10 Facts about Sanitation in Mexico
Although Mexico is still recovering from the Latin American Recession in 2008, the Mexican government is rebuilding infrastructure and has made strides to improve the country’s sanitation. Below are 10 facts about sanitation in Mexico and how the country is successfully mitigating its sanitation issues.

10 Facts About Sanitation in Mexico

  1. Sanitation in Mexico has improved drastically in the last three decades. Piped water supply to urban areas has increased from 88 percent to 93 percent, rural areas from 50 percent to 74 percent and overall access to sanitation from 64 percent to 85 percent. While these statistics are encouraging, Mexico still struggles to provide its citizens with safe drinking water, which causes both water scarcity and decreased access to safe utilities.
  2. The Mexico Water Utilities Efficiency Improvement Project, which implemented in 2015, installed 500 household meters, performed maintenance on existing pumps and trained 670 utility staff members to increase the efficiency of the water systems in Mexico. Over 20,000 individuals living in urban now have access to consistent water supplies and better sanitation.
  3. The Bill Ford Better World Challenge awarded a grant of $60,000 to projects to improve sanitation in Mexico. This grant went towards a community center in Guayacan that provides clean and running water to residents. It also went towards the installation of 750 filtration systems in private homes. This will increase private and public access to filtered water in Guayacan.
  4. Since 2001, Mexico has decreased its mortality rate from 122.7 per 100,000 people per year to 7.3 per 100,000 people per year. Investment in infrastructure since 2013 alone has increased to $471 million. This investment into sewer coverage, wastewater treatment plants and piped water sources are responsible for the significant decline in the mortality rate. Since 2001, malnutrition has decreased from 4.4 percent to 3.6 percent, anemia has decreased from 30.4 percent to 28.20 percent and agricultural practices have improved significantly.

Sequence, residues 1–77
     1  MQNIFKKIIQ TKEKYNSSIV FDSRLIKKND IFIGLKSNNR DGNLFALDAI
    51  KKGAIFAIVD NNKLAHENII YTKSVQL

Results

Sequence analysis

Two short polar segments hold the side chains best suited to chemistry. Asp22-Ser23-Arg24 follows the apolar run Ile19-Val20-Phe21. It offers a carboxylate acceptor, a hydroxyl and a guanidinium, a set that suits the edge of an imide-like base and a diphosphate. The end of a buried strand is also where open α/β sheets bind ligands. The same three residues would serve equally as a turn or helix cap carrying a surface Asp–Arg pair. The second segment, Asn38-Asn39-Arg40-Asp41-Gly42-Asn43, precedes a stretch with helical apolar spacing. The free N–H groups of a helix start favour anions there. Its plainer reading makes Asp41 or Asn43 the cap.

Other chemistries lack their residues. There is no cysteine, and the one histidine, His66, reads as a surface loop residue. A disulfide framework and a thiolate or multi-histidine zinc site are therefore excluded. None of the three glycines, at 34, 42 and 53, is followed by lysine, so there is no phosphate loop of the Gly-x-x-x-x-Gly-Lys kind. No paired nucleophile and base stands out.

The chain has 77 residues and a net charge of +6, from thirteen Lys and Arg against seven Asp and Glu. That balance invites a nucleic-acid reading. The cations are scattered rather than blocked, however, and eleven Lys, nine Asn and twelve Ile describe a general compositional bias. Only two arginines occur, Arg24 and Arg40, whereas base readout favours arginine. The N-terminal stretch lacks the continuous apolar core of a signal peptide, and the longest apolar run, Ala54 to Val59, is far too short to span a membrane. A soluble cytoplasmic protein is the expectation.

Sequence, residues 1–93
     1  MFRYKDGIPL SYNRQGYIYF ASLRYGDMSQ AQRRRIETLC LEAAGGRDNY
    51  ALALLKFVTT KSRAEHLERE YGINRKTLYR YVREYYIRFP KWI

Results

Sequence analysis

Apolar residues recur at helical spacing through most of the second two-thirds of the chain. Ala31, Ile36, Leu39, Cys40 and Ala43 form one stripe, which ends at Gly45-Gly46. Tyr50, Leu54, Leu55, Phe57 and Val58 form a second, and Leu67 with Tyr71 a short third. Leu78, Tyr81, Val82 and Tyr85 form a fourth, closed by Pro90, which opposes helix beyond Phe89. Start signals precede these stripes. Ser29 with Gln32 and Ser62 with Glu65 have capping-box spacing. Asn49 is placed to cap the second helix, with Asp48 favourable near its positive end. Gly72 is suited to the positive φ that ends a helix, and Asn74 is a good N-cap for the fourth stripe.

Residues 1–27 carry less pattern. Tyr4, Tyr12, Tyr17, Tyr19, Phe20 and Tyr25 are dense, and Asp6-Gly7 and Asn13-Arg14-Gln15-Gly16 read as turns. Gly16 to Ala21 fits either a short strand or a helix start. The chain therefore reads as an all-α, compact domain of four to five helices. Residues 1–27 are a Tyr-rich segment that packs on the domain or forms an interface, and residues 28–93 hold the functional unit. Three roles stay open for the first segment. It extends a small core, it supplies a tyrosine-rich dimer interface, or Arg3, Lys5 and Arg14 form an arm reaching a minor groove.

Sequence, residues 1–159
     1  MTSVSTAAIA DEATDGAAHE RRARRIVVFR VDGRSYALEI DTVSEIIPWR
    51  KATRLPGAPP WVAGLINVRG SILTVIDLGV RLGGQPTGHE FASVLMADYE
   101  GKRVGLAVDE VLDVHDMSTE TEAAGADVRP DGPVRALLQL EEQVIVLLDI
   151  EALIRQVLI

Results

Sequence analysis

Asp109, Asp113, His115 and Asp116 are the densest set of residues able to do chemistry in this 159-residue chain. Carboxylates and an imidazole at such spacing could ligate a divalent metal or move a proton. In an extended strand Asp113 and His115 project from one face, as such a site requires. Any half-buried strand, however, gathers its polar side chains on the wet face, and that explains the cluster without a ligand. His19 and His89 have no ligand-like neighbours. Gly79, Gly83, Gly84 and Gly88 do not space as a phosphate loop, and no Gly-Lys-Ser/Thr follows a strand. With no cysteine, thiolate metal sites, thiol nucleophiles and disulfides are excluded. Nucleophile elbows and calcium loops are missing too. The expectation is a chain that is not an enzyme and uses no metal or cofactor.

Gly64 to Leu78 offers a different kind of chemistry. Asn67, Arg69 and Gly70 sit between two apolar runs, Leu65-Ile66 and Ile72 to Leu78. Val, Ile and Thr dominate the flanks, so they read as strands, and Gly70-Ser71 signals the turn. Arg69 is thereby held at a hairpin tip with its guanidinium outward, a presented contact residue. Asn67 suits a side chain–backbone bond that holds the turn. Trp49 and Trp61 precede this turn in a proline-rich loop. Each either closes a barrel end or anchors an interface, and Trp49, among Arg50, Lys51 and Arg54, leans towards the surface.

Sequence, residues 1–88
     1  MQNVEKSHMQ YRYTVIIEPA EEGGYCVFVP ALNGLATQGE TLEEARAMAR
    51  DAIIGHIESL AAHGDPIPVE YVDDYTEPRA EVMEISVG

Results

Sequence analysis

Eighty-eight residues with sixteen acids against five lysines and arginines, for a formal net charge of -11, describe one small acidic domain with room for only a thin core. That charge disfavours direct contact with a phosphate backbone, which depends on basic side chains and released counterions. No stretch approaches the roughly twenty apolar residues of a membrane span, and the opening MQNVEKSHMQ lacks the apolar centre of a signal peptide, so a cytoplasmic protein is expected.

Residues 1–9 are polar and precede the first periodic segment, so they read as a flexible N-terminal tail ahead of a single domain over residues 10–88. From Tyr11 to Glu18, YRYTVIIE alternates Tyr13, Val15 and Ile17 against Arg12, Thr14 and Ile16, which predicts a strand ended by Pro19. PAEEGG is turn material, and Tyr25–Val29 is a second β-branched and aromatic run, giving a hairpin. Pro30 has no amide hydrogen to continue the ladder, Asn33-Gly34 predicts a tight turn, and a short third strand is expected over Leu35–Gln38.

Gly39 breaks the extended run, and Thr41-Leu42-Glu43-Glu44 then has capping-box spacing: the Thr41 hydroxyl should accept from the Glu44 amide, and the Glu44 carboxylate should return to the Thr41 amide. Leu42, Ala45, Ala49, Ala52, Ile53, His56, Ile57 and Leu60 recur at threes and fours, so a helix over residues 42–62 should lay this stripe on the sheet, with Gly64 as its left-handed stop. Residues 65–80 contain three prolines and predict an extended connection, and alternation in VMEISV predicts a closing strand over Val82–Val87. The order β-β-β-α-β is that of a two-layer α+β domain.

5. Community participation in sanitation efforts in Mexico is waning. While the Mexican government has been increasingly active in its efforts to combat sanitation issues, citizens have a moderate to low rate of participation and usage of sanitization. This is likely due to a lack of sanitation information distributed to rural populations.
  6. The United States and Mexico Border Water Infrastructure Program has increased collaboration between the United States and Mexico to increase water quality. While this program began in 1983, it has grown exponentially in recent years. In 2011 alone, the program has successfully brought clean water to 55,000 homes and provided wastewater services to 500,000 homes in Mexico. This has helped preserve rivers in border communities and increase access to clean water.
  7. Solid waste facilities in Mexico are working with private partners to help close the sanitation gap that state authorities left. While the facilities safely collect and store only 84 percent of solid waste, states are working with the private market to implement safe and effective waste strategies. The National Infrastructure Project aims to increase wastewater treatment by 15.5 percent in four years.
  8. Innovators and nonprofits are partnering to end the water crisis. By refining NASA’s Water Recovery System and the Oxygen Generation System, Concern for Kids has successfully donated devices to Mexico that provide cities and individuals alike with water purification systems that allow them to reuse water. This innovation, which implemented in 2012, has already provided drinking water to 800 villages in Mexico.
  9. The Morelos State Project is providing wells to increase the quantity of clean water available. In 2015, Rotary partnered with the government of Xochitepec to provide clean water to 6,000 individuals who did not previously have clean water access. Due to the success of the project, WASRAG is expanding its efforts to six other districts in Mexico.
  10. The focus on cleaning the New River in Mexico has decreased the quantity of bacteria, pesticides, trash and industrial run-off present in the river and in groundwater. The New River Improvement Project, which started in 2009, has successfully decreased bacteria tenfold, along with nitrate and phosphorus (dangerous organic compounds) which have dropped below detection rates. These efforts have decreased sanitation-related diseases, as well as increased water and air quality.

Despite the limited quality and quantity of clean water, Mexico is significantly increasing access to safe water supplies and making strides to resolve dangerous sanitation issues. Non-governmental organizations, foreign direct investments and the Mexican government are improving sanitation and decreasing diseases related to a lack of access to clean water. These 10 facts about sanitation in Mexico show both the progress in sanitation and the solutions others are proposing to existing problems.

– Denise Sprimont
Photo: Flickr